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Observations placeholder

Beuys, Joseph - SaFG SaUG



Type of Spiritual Experience


We Won’t Do It without the Rose, Because We Can No Longer Think 1972

A description of the experience

The Artistic Alchemy of Joseph Beuys – Dr David Adams

Beuys’ "Theory of Sculpture," which was worked out during the 1950s, largely in connection with his fundamental bronze and iron relief sculpture SaFG SaUG (Sunrise-Sunset) begun in 1953 but first exhibited in 1964, was based on a fundamental complex of polarities: "The theory is based on the passage from chaotic material to ordered form through sculptural movement:

  • chaos
  • undetermined
  • organic
  • warm
  • expansion
  • movement
  • order
  • determined
  • crystalline
  • cold
  • contraction

... Really it is the same element repeated in the two different states of contraction and expansion principles essential to sculpture."

Beuys's theory of sculpture was one expression of his wish to develop an approach to visual art based upon the fundamental processes underlying the formation of matter and form in the world that appears to our senses. His next task was to find substances that could be used to express the principles of this theory as directly as possible. His SaFC SaUG sculpture had combined bronze and iron because of the expressive polarity of copper and iron, two materials he often used together thereafter. For a number of reasons-many of which Beuys could have learned about through anthroposophy-copper represented a flexible, more feminine quality characterized by ready conductivity of heat and electricity, high resonance and lustre, and an enlivening effect on fluids. Among metals, iron represented the opposite pole, with its hard, masculine, earth-bound nature. Both the ancients and Steiner associated copper with Venus and iron with Mars.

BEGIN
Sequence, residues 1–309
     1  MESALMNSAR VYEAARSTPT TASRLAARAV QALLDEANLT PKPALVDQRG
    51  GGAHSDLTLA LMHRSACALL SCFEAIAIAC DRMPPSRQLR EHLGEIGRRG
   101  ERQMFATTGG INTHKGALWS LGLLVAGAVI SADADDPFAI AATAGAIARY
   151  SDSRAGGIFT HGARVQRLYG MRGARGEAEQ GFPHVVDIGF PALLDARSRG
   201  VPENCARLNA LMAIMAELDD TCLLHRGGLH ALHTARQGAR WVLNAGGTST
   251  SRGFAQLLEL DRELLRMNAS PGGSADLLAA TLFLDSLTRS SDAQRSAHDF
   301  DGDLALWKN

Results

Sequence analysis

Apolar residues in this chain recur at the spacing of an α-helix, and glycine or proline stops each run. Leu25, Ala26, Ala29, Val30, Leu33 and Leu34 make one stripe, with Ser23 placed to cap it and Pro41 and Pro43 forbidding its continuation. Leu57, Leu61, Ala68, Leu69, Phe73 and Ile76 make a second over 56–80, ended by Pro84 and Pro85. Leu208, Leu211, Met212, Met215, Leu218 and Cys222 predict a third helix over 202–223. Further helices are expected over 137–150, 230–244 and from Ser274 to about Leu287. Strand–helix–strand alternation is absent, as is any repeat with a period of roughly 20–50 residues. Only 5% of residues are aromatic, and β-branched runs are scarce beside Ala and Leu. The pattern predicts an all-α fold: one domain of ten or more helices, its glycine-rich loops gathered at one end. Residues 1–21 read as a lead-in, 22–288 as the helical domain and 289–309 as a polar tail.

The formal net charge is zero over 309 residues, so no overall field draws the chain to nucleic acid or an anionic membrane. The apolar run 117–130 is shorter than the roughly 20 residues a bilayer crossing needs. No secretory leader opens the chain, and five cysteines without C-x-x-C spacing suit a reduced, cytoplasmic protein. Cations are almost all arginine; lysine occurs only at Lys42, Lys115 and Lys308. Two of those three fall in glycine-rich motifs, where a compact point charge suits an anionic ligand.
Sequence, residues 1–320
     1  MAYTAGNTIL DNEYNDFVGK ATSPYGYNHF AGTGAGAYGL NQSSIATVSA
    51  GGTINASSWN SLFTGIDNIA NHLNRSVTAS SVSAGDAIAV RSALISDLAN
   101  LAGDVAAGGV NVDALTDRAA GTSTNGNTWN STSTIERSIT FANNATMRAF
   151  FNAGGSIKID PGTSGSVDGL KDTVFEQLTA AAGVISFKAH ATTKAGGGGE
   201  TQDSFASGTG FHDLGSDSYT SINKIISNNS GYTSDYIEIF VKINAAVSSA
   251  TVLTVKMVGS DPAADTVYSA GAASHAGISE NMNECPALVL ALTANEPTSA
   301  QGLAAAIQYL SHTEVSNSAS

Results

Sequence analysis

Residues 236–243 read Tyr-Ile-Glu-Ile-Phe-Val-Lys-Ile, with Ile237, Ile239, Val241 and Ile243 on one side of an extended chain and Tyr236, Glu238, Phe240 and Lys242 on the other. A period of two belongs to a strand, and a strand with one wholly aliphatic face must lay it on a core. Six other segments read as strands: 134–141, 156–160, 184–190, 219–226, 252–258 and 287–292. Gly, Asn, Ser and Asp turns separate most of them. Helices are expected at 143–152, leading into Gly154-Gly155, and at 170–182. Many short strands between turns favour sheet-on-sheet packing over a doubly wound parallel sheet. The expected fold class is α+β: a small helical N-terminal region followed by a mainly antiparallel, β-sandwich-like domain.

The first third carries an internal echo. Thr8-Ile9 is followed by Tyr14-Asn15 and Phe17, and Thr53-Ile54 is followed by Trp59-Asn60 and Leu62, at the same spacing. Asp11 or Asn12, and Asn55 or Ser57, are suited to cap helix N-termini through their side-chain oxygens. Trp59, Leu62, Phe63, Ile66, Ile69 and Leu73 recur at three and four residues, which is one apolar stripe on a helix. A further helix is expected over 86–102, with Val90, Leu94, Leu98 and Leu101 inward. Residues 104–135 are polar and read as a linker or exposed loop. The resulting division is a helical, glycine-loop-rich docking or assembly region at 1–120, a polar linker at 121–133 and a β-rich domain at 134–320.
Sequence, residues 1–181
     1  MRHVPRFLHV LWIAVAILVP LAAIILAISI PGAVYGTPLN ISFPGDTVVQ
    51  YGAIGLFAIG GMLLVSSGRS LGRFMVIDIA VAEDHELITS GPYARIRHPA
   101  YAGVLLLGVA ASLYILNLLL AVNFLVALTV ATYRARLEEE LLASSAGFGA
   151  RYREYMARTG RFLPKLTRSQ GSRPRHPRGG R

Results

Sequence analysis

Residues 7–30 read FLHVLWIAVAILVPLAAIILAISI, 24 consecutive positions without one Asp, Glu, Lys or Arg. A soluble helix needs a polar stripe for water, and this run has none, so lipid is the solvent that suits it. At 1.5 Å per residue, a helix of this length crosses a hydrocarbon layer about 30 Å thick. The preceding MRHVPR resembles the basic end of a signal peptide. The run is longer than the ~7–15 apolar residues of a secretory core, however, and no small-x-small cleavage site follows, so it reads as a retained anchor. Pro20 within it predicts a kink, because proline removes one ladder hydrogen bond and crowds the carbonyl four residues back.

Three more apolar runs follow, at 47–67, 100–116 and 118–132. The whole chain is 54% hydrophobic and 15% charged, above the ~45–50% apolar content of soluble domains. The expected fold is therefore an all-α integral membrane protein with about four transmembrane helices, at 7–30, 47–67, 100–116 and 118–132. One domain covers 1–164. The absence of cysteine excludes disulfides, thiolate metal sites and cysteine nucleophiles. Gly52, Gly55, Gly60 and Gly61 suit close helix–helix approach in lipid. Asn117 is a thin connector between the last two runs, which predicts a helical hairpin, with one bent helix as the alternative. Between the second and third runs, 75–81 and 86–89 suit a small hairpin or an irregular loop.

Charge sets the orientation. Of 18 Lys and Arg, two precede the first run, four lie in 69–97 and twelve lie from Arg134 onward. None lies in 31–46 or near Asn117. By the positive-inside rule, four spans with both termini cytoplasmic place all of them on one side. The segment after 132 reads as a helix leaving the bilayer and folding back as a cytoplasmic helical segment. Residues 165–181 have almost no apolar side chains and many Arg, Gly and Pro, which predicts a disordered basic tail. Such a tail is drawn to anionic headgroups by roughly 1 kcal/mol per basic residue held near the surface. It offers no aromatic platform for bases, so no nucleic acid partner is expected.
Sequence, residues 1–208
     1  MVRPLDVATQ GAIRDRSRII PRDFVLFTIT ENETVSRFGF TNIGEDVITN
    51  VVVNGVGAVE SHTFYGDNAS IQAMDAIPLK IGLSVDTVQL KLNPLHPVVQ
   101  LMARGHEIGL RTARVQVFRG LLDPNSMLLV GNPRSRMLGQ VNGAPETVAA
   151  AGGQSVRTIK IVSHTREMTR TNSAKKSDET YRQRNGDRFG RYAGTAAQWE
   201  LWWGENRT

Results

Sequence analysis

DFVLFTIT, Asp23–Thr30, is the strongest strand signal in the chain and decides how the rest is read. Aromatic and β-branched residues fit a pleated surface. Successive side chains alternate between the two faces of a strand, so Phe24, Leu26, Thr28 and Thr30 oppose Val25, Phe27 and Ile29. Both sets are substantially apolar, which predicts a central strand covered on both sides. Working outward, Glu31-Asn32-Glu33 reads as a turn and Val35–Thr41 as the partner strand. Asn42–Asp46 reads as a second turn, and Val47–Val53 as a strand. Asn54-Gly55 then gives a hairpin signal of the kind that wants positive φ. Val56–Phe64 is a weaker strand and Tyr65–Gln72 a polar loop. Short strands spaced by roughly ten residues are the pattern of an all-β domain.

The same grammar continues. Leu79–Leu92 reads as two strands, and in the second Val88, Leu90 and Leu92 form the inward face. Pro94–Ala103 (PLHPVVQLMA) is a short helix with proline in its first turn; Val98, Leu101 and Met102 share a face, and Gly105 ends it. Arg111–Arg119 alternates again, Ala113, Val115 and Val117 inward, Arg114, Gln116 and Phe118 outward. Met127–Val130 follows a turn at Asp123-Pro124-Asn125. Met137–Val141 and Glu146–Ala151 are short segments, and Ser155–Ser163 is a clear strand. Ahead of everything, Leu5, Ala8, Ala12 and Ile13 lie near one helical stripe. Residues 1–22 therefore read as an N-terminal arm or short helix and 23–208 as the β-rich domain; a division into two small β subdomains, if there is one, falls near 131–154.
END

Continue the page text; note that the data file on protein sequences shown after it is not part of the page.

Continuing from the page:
Beuys, however, looked for a single substance that could express directly both the polar extremes and the artistic movement between them. Because he felt the institutions and mentality of modern society tended too far toward the cold, ordered, determined pole of this theory he wanted to emphasize the opposite pole in his artwork. In particular, he spoke of developing "warmth sculptures," and he looked for materials that were sensitive to warmth. We should recall here Steiner's description of warmth as the border state between the material and spiritual worlds, the closest to the physical world of four types of supersensible "etheric life forces" (and distinguishable from the purely material "heat"). Beuys also was attracted to warmth as a fundamental characteristic of the human being, particularly the warmth of will and feeling he felt was needed to balance the coldness of the rational intellect that had become so one-sidedly dominant in western civilization. Underlying this interest was also Steiner's depiction of the warmth carried in our blood circulation as the physical basis for the human itself.


The source of the experience

Beuys, Joseph

Concepts, symbols and science items

Science Items

Activities and commonsteps



Believing in the spiritual world